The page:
Bottom: Children in Somalia get familiar with materials they’ll use as a part of Iridescent’s AI Family Challenge.

Hi Tara! Can you tell us more about Iridescent in terms of its background, history and core mission?
Iridescent is a global non-profit organisation that provides cutting-edge STEM education to underserved children, and their families through two programmes; Technovation and Curiosity Machine. We use technology-based and engineering-based programmes to achieve the aim of empowering the world’s underrepresented young people (especially girls) to become innovators and leaders.

Our organisation was founded in 2006 from a desire to help the education system, a system that is often slower to evolve in the rapidly changing technology industry. Since Iridescent’s founding, the non-profit has grown tremendously; we now operate in more than 115 countries and deliver STEM curriculum to more than 100,000 children and their families worldwide. Iridescent is proud to be the first organisation to assist young girls in underserved communities learn coding and app development skills through our Technovation Challenge. The Technovation Challenge programme introduces the girls to technological concepts in an engaging way. We recently introduced the Artificial Intelligence (AI) Family Challenge as a new part of our popular Curiosity Machine programme.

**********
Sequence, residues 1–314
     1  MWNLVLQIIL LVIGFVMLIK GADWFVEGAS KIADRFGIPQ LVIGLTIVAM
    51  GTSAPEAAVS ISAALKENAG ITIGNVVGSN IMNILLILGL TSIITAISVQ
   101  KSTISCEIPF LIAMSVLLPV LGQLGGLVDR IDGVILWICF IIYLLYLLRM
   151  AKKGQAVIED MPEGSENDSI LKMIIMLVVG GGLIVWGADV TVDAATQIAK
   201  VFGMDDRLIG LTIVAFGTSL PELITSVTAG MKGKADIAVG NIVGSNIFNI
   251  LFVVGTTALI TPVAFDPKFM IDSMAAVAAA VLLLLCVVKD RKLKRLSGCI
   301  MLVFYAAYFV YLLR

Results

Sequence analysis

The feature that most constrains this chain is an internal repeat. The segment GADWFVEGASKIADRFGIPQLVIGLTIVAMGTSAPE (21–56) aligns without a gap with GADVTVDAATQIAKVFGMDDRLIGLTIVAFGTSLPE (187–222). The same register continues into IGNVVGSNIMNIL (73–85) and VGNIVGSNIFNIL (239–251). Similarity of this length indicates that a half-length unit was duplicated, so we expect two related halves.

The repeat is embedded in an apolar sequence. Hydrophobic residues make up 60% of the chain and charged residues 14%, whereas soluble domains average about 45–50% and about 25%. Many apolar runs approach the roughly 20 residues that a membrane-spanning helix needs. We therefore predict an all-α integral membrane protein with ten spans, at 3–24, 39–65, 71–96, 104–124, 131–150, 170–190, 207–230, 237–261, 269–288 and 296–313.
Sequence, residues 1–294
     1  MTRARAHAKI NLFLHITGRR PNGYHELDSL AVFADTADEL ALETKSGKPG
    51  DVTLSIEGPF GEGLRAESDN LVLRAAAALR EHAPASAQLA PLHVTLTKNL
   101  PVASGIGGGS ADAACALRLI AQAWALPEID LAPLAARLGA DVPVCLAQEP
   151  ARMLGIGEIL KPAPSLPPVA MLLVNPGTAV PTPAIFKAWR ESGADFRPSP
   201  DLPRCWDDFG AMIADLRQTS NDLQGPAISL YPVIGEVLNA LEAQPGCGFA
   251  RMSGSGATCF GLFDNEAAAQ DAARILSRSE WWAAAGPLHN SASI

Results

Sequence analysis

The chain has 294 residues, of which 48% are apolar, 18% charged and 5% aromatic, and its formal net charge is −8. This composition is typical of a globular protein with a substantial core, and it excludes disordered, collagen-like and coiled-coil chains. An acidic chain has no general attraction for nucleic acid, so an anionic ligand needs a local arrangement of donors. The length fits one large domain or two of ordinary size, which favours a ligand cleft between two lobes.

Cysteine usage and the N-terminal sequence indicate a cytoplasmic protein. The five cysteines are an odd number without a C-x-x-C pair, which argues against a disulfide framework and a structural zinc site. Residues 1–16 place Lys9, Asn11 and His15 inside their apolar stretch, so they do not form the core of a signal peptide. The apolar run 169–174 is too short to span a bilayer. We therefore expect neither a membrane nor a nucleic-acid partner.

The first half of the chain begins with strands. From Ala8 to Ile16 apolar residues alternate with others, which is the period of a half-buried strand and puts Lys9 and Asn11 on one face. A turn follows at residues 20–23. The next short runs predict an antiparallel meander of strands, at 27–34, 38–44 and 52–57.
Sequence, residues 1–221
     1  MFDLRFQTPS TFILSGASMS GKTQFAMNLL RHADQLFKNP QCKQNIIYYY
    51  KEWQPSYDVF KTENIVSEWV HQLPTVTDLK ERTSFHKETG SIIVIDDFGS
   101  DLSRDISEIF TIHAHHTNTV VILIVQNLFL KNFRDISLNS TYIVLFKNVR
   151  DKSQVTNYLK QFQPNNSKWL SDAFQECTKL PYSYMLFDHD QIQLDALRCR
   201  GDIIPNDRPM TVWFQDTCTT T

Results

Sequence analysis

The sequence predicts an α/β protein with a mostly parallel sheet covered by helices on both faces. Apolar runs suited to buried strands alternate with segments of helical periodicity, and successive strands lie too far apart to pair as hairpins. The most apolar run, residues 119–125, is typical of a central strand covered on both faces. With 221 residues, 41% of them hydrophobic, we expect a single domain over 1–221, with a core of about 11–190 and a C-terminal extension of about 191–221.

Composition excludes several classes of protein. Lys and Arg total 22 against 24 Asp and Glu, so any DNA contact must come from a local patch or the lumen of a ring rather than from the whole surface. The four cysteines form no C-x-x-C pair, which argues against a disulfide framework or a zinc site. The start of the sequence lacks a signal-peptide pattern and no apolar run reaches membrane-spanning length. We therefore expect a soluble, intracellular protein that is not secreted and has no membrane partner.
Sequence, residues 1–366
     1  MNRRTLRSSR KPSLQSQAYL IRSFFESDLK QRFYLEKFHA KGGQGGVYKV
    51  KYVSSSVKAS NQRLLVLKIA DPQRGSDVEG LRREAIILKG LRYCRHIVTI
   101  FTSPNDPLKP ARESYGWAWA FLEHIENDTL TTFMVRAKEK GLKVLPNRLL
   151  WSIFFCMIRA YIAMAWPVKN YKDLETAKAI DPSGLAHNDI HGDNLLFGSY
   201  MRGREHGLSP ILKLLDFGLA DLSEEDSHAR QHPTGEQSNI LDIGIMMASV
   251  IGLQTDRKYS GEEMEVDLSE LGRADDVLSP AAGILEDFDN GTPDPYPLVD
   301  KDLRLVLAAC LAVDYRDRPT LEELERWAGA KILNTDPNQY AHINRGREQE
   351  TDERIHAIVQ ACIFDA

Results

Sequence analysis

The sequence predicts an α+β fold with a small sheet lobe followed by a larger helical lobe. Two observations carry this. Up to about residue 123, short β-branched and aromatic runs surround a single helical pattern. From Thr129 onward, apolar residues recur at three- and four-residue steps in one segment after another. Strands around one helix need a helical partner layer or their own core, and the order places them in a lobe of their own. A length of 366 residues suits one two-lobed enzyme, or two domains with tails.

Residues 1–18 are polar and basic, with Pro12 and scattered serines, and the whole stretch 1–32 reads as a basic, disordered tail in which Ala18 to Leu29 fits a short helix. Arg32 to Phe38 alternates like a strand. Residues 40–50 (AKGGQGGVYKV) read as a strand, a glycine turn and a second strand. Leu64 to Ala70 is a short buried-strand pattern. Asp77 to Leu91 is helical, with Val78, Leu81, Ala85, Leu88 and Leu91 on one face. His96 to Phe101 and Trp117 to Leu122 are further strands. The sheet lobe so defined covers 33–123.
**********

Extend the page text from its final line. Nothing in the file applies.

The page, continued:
Tell us about your journey into Artificial Intelligence? What led you to launch an AI-focused programme?